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Rated: ASR · Novel · Fantasy · #2235450
Setting out on their journey to Velmoran, the brownie clan enter an enchanted forest
Glimfyndor’s kind hospitality settled Aira’s nerves after the sickening encounter with Midhir. It was decided that the fairies and Bresil should remain in the Golden Woods. If the brownies regained Velmoran, Boroden promised that they might happily live amongst his people. Glimfyndor swore the help of the Light Elves should it come to a battle against the kraken. Boroden gladly accepted although he could not forget Midhir’s words that all who fought Krysila would be doomed.

When the time came for them to leave, the fairies accompanied the brownies to the edge of the Golden Woods. There, in the shadow of the stone circle, they said their farewells. Caillie too was leaving them. He and Killmouli had agreed to locate as many of the scattered brownies as possible to bring them the news that Boroden was setting out for Velmoran.

Hëkitarka, unwilling to forgo a last glimpse of his friends, scampered away to keep them in view. Harfan followed and stood silently with his gaze fixed on Myfanwy’s receding pony as Hëkitarka jumped and flapped like a nestling trying to take off as he waved goodbye.

‘You do love Myfanwy then?’ Boroden inquired.

‘Yes,’ Harfan replied resolutely.

‘I’m sorry. You may go with her if you like. I told you that none of you need to continue with me.’

‘But it feels right to. For the moment I’ve got to put aside my feelings and think of the good of our clan. I think you of all of us understand that best.’

Boroden lowered his gaze and clapped Harfan on the shoulder. ‘She’s a lovely lass and the house of Lianderin shall make a good alliance.’

‘As will the house of Frenudin,’ Harfan replied gently.

Hëkitarka grinned, glad that his brother had recognised Boroden’s feelings for Aira, although he decided not to tease Boroden who looked morose.

Boroden turned away abruptly as though he, not Harfan, were the more bereft by the parting. Every day drew him closer to a time when he and Aira must part and the departure of Myfanwy was a foretaste of this.


‘I bet Princess Myfanwy and her friends are glad that they aren’t here now. Three drawn out weeks of clumping through a forest with everything looking the same and no meat, just low rations of potatoes and barley and greens picked wild,’ Torden moaned as they settled down after the day’s march one evening in early spring.

‘I think she’d be most concerned about the lack of sweets,’ Hëkitarka decided.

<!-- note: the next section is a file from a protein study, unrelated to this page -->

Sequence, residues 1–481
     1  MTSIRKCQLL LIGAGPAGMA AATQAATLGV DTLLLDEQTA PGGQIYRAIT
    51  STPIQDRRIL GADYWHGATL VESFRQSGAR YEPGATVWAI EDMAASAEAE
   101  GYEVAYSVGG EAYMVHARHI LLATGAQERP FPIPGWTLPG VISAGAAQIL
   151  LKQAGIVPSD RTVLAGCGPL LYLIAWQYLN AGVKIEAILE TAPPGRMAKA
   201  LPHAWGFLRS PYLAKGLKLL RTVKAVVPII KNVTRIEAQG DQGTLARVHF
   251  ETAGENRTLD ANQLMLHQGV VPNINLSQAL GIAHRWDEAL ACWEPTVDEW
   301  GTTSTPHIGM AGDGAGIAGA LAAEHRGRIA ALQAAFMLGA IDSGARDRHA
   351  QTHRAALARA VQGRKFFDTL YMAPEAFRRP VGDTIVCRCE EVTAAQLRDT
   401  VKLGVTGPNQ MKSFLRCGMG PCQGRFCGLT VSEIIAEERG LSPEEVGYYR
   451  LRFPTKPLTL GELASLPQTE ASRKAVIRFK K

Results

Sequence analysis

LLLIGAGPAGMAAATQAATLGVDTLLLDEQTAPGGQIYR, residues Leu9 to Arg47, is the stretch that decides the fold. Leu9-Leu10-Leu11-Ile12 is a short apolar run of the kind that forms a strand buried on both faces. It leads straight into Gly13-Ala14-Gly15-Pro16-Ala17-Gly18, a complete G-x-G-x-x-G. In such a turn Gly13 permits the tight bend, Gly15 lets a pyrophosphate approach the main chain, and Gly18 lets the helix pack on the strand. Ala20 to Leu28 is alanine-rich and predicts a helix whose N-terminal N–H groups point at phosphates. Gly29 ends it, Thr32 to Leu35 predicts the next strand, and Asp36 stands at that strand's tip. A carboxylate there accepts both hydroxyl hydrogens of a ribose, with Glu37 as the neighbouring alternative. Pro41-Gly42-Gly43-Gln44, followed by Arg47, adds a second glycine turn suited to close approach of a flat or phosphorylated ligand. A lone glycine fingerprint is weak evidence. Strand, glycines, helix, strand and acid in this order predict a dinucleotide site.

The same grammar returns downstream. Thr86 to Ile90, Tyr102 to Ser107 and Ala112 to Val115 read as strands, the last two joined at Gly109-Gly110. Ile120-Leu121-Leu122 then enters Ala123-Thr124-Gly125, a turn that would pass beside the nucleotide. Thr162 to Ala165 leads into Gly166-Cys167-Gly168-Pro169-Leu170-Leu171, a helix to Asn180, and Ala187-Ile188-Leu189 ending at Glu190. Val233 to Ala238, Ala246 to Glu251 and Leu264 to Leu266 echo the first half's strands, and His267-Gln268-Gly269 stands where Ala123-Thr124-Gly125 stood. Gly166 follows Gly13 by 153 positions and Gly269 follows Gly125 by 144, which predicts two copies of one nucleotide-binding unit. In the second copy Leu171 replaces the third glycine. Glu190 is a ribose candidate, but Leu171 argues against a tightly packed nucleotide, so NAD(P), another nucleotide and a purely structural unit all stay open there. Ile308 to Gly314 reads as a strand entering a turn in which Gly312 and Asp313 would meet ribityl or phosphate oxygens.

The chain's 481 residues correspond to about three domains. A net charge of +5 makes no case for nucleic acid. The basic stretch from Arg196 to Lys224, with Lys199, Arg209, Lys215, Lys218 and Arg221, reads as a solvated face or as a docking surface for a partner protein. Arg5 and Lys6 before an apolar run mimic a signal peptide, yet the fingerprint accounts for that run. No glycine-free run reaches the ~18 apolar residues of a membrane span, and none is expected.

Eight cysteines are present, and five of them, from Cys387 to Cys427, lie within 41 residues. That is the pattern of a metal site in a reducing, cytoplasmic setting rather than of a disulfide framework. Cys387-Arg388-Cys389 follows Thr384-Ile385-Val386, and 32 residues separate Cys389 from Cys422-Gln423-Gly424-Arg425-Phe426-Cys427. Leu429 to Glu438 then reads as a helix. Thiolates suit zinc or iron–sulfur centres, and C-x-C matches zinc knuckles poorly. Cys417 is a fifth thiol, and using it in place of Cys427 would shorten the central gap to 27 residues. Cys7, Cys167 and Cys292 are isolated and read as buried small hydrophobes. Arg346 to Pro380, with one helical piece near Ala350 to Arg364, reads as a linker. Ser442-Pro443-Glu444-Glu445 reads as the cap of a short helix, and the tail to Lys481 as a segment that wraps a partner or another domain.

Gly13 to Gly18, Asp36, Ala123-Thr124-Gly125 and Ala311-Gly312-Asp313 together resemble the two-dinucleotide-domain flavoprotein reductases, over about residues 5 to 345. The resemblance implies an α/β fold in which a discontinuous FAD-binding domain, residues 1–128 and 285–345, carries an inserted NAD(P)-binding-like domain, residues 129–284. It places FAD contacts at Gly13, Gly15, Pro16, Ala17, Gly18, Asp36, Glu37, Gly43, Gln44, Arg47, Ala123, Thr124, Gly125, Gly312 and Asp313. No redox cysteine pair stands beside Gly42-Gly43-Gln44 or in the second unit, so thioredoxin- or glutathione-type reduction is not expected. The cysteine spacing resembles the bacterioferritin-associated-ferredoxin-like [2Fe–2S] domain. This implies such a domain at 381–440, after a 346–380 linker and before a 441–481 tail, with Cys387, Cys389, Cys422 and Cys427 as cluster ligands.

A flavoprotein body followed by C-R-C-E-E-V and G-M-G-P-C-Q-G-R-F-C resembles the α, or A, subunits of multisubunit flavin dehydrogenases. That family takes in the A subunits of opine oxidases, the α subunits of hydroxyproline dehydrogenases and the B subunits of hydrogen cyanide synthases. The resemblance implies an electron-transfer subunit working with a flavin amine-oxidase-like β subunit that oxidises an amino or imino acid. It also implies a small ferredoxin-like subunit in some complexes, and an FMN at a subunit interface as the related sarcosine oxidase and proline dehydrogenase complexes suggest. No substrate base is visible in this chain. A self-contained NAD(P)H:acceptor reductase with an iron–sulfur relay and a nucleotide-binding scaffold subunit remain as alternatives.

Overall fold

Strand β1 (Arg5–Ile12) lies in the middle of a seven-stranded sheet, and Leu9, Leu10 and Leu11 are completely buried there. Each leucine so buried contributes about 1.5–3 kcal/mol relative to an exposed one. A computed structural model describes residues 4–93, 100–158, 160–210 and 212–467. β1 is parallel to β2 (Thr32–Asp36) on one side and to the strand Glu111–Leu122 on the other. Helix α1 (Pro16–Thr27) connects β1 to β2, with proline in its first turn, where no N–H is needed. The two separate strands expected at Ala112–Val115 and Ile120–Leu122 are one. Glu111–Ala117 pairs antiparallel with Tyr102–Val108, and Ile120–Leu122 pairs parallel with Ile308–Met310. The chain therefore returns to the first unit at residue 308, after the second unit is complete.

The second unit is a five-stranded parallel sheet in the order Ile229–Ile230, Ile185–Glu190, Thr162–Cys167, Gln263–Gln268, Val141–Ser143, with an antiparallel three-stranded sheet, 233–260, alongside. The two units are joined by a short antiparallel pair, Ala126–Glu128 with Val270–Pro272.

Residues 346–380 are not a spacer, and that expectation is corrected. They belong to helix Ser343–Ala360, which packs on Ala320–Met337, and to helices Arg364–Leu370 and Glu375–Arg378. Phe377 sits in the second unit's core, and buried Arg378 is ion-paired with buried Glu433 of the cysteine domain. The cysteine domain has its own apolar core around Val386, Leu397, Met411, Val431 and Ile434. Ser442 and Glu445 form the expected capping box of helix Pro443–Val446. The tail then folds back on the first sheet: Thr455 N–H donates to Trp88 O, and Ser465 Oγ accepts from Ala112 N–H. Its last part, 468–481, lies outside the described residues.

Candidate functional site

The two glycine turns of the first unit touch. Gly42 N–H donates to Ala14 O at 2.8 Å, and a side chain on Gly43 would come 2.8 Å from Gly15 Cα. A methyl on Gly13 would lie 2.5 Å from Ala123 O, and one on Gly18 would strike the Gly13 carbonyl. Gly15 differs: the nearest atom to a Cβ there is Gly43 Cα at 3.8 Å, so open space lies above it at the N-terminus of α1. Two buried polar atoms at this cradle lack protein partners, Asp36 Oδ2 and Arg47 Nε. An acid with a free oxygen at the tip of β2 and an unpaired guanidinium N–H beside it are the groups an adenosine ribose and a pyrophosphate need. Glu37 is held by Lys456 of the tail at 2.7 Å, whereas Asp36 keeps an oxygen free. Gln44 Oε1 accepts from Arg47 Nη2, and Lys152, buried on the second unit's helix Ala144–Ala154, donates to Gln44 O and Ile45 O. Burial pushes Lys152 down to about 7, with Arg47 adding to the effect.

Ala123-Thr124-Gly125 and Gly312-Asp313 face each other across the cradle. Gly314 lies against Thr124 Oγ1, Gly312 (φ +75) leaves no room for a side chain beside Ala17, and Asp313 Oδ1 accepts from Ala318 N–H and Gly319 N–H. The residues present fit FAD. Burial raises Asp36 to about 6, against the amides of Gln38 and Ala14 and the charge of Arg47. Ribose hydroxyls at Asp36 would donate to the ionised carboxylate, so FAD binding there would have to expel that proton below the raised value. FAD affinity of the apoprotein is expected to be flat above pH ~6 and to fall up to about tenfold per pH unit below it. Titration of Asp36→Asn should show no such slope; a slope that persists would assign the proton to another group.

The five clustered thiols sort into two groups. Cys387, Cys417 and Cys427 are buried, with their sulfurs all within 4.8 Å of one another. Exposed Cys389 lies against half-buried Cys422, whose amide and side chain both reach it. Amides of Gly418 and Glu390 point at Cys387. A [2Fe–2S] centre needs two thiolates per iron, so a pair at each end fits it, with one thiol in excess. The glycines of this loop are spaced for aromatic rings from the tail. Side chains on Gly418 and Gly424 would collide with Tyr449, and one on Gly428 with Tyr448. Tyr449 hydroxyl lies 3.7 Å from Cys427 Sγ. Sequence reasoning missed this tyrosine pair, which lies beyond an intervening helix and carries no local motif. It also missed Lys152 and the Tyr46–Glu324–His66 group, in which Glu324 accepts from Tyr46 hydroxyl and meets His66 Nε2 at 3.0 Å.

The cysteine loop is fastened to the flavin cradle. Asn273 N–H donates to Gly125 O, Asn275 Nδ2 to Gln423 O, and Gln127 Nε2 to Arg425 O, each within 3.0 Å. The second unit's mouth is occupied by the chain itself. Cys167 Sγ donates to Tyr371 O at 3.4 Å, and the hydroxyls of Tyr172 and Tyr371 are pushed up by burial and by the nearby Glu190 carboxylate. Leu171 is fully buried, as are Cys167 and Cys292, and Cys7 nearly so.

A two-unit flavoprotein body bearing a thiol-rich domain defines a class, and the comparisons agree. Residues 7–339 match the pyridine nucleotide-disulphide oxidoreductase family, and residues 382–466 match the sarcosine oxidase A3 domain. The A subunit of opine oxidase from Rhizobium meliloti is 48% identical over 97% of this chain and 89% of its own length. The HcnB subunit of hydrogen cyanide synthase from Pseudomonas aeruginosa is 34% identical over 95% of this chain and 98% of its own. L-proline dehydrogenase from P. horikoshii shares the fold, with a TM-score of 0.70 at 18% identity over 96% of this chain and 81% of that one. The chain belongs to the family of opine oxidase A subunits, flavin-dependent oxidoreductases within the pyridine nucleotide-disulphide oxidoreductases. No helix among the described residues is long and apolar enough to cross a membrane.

Aira did not share Torden’s gloominess. To her the wood, full of verdant freshness, delicate flowers and birdsong, was perfect. Nor was she impressed by his disparaging her ramson soup, hawthorn leaf salad and elderflower fritters. Forest food tasted good to Aira and in her opinion nothing could beat a snack of raw sun-warmed primroses.

Harfan developed a faraway look at the mention of Myfanwy but Hëkitarka piped up, ‘I agree about the meat. I say I try and catch something. Would you make a snare for me, Barabas? I think I might find a hazelnut or two somewhere.’

‘Rabbits don’t like hazelnuts,’ Klaufi interjected as he passed, dangling Quentillian’s boots at arms length to dry by the fire. He had been busy polishing them to a shine with moss.

Hëkitarka rolled his eyes. ‘They’re to catch squirrels, of course. I tried shooting a couple yesterday but they’re more secretive and harder to catch here.’

‘Roast squirrel, great. Not exactly the kind of substantial meal I meant,’ Torden groaned.

‘You don’t need to have any then - more for me. Why not try looking for some dairymaid or woodsman’s daughter to give you some cream and a leg of ham in return for one of your silver sixpences?’ Hëkitarka asked, alluding to the time that Torden had spent working at a farm. The farmer’s wife, annoyed with him for screwing the lids on preserves too tightly, left only dry bread for him but the dairymaids gave him jugs of cream in return for the silver sixpences that he left in their slippers.

By the time the clan had finished their chickweed stew Barabas had made several snares for Hëkitarka to use. He and Harfan set off into the raw freshness of the spring twilight to conceal them in likely places. Klaufi made much of the needless cruelty in snaring and eating animals. Aira and Boroden too were uneasy about it.

Whilst Gretchen washed the dishes Aira fetched ferns, lichen and moss to repair their nest pouches. They would soon need new nests constructing and Aira was glad of being in the woods, where materials were abundant, rather than travelling in open ground that was swept bare by winter storms.

Klaufi sidled up. ‘Don’t you think there’s a funny feeling about this place? Not exactly eerie, nor yet friendly neither. It’s as if the trees are watching us.’

‘Yes, I suppose so, though after the Woods of Glorlinderin its magic is faint. It probably doesn’t mean us harm, though it would be well to keep a respectful distance,’ Aira decided.

‘Yes.’ Klaufi cringed as Torden tossed a branch on the fire. Klaufi imagined that this was exactly the kind of disturbance to arouse wrath.

Aira soon forgot Klaufi’s words, for in the evening glow the forest seemed a pleasant place.

Carnelian cast a concerned look about the woods after an hour had gone by. ‘I don’t want to sound like Asuril, but don’t you think that it’s getting on a while since Hëki and Harfan left?’

‘Likely just fooling around,’ Torden said.

‘I’ll look for them in a moment. I’ve got to plan our route for tomorrow first,’ Boroden said, moving his king chess piece. ‘I wish you’d stop chasing me with that pesky queen of yours, Aira. Still, at least you don’t take eight hours to make a move like Klaufi only for it to be a senseless one.’

‘You can tell I’ve won. I’ve got two pieces left and you’ve only got one; a doddery old king who only moves a square at a time.’

‘Mostly back and forward to escape your queen. You’re making him seasick. Anyway, you can’t talk. Your king hasn’t moved in the entire game.’

‘He’s stuffed on carrot cake,’ Aira said, indicating the morsel at Boroden’s elbow. The cake had been the last that Aira could make with the provisions that Glimfyndor had given them.

‘Hmm. Let’s just say that we’re both winners. Anyhow, I’d better finish off and go and plan our route ahead.’

‘A truce. Yes.’ Aira grinned and skipped away. She took her collecting basket with her in case she encountered any edible items in the forest, which she thought more likely than coming across the brothers who probably hid in a den or climbed trees.